Monday, October 25, 2010

Myths and facts about the flu vaccine

Source: The Centers for Disease Control

Myth: You can get the flu from the flu vaccine.
Fact: You cannot get the flu from the flu vaccine. The flu shot contains only inactive viruses — those that have been killed. The nasal spray contains live viruses but they are too weak to cause the disease. Some people do have side effects such as body aches or a low fever after receiving the vaccine, but they do not have flu.

Myth: You can get flu from the nasal spray vaccine.
Fact: You cannot get flu from the nasal spray vaccine. The vaccine contains viruses that are too weak to cause illness. There have been some reports of flu-like symptoms appearing, mostly in children, after getting vaccinated, but these are not the same as the flu.

Myth: The flu vaccine doesn’t work.
Fact: In most years, the flu vaccine prevents flu for between 70 percent and 90 percent of vaccinated healthy people under the age of 65. Sometimes, people who get other illnesses that have flu-like symptoms think the flu vaccine has not worked, when in fact they do not have influenza.

Myth: If you get a flu vaccine you can’t get an influenza virus.
Fact: Flu vaccines are made to protect against the most likely strains of flu circulating in a given year. But there is no guarantee that those will be the only strains circulating, and it is possible to get a flu vaccine and still come down with another strain of flu for which you are not protected. The vaccine may also not be 100 percent effective against the strains of the flu it contains. That depends largely on the age and health of the person vaccinated.

Myth: The flu isn’t serious enough to warrant vaccination.
Fact: Most people who get seasonal flu do not have complications, but for some, complications can be severe. Approximately 200,000 hospitalizations and 36,000 deaths a year are attributed to complications of seasonal flu.

Myth: If I don’t get vaccinated in the fall, I shouldn’t bother because it will be too late.
Fact: The best time to get vaccinated is in October or November — before flu season starts. But flu
season can peak as late as May, so the Virginia Department of Health vaccinates from October through April, or longer if necessary.

Myth: There is a limited supply of vaccine, so you should leave it for those who really need it.
Fact: Manufacturers project there will be between 110 and 115 million doses of flu vaccine available in the U.S. for the upcoming flu season — the most vaccine ever available in a single flu season. Public health and government officials believe there will be enough vaccine available for everyone who wants to be vaccinated.

Myth: Absolutely everybody should get the flu vaccine.
Fact: There is an extremely limited group of people who should not get either kind of flu vaccine.
Specifically, people with a history of allergy to eggs and those who have had a rare illness called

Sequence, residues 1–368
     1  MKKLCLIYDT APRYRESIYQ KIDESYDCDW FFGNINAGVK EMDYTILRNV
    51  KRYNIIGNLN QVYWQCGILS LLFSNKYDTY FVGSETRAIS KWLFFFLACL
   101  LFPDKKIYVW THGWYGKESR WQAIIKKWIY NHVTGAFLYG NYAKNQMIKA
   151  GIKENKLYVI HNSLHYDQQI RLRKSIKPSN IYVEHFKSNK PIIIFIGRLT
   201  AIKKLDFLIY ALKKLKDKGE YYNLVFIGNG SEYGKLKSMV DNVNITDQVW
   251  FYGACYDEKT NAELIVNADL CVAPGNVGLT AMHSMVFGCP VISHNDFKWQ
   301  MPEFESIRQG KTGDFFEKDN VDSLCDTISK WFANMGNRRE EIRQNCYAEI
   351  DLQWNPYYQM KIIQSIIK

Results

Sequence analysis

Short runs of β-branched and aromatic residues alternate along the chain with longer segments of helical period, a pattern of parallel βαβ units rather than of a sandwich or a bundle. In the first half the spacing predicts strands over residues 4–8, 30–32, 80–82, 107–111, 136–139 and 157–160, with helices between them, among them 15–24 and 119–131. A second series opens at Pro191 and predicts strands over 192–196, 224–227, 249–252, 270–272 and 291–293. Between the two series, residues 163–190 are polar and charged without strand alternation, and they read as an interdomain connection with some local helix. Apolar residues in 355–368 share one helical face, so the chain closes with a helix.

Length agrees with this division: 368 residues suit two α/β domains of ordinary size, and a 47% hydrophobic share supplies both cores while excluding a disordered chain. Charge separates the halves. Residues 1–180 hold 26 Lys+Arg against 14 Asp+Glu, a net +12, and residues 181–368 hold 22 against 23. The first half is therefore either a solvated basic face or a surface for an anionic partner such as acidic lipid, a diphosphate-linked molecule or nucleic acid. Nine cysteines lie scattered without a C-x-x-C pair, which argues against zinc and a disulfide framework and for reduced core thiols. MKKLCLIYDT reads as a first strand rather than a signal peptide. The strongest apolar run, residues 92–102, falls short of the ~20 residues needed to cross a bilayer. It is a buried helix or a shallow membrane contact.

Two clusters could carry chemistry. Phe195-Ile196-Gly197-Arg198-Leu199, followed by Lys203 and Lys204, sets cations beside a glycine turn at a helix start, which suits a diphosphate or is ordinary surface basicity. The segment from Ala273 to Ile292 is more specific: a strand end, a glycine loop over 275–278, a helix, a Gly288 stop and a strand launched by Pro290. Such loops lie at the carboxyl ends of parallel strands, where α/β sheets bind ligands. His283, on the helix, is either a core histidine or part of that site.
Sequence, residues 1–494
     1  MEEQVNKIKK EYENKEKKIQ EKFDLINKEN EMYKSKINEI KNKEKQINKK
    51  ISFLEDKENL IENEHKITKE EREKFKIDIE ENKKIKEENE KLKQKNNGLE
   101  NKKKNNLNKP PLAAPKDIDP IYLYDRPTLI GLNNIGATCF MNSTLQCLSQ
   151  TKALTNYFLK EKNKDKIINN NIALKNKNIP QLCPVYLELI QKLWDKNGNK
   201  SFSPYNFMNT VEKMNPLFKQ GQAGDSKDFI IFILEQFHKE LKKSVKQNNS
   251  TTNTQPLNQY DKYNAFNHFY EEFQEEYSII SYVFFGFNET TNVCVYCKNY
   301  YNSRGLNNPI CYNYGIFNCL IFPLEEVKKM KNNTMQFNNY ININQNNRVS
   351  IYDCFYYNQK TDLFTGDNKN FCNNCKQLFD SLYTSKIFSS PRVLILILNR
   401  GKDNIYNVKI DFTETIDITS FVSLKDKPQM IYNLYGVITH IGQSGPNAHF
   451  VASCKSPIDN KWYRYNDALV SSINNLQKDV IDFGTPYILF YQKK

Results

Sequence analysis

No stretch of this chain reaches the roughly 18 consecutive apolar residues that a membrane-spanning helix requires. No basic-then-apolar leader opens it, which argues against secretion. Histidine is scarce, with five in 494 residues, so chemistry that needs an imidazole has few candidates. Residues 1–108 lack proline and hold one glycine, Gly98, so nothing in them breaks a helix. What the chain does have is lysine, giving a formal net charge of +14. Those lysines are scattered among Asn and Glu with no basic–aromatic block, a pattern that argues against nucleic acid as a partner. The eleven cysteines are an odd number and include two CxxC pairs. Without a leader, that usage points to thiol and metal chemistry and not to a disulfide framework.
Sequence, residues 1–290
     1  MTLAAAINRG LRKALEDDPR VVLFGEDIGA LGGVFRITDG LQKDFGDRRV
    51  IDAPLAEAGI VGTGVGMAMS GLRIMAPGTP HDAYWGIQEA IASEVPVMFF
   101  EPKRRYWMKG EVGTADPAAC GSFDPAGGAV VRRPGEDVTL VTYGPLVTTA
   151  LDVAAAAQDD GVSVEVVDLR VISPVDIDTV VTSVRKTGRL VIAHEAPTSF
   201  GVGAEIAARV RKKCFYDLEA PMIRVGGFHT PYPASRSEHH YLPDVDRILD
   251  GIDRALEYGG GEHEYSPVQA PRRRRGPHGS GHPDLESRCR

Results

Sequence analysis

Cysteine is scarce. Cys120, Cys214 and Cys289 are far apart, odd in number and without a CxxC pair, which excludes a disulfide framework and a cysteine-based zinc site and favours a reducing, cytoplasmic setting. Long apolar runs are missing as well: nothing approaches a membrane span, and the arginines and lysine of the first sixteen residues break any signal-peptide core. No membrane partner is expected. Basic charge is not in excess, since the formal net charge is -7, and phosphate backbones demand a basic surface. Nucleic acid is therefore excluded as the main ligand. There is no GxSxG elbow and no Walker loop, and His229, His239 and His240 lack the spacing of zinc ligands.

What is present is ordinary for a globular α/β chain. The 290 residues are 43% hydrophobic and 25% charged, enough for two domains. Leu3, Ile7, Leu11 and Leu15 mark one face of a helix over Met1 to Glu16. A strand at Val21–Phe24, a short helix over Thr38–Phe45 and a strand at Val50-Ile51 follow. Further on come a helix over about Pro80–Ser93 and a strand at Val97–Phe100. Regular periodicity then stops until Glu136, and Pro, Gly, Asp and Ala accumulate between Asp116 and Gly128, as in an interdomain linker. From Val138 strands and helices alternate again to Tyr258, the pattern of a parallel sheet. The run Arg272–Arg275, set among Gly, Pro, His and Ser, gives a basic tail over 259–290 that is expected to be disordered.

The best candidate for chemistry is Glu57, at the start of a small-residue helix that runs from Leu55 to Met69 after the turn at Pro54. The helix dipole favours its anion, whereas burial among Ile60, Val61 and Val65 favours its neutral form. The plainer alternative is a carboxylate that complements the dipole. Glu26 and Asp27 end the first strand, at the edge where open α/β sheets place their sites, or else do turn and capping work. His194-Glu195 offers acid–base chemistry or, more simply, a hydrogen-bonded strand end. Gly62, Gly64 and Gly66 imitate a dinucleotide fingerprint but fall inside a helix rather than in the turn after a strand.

Guillaine-Barre Syndrome should not get the flu vaccine.

Myth: I’ve already had the flu, therefore I am immune.
Fact: Flu viruses change frequently. Immunities you have built up to one strain of flu virus are not
likely to protect you entirely from another strain.

Myth: I got vaccinated last year so I’m protected this year.
Fact: Because flu viruses adapt and change regularly, the vaccine is different from year to year.
Also, immunity wears off, so even if the viruses are similar from year to year, it’s important to renew the shot annually.

Myth: I’m healthy lower age/my child is healthy. Therefore we don’t need the flu shot.
Fact: Healthy people are less likely to catch any virus because their bodies are in a better position
to combat the flu. However, it is still possible for a healthy person to get the flu.

Myth: The flu vaccine can cause autism.
Fact: Most flu shots contain thimerosal, a preservative that contains mercury and some people believe is related to developmental disorders. A 2004 Institute of Medicine report found no causal relationship between thimerosal and autism. If you are concerned, however, ask your doctor for assistance in finding a vaccine without thimerosal. The nasal spray vaccine does not
contain thimerosal.

Myth: The flu vaccine is not safe for young children or pregnant women.
Fact: The flu vaccine injection is safe and recommended for children over six months and for
pregnant women.

Myth: You don’t need to get vaccinated because there are drugs now that keep you from getting
the flu.
Fact: There are prescription drugs on the market that may prevent flu in some healthy adults if they
are taken every day there is flu present in the community. The Centers for Disease Control and
Prevention recommends that these drugs be used to supplement flu vaccine, not in place of it, except in circumstances where an individual cannot be given the vaccine because of other health
conditions. Antiviral medication may also lessen the symptoms of flu or make you less contagious after you have contracted the flu.

Myth: If you get the nasal spray vaccine, you can get other people sick with the flu even though you are protected.
Fact: It is extremely rare but it is possible to become infected with vaccine virus after close
contact with a person who has received the nasalspray vaccine. However, the person who contracts
the virus is unlikely to have symptoms of flu because the vaccine contains viruses that are too weak.

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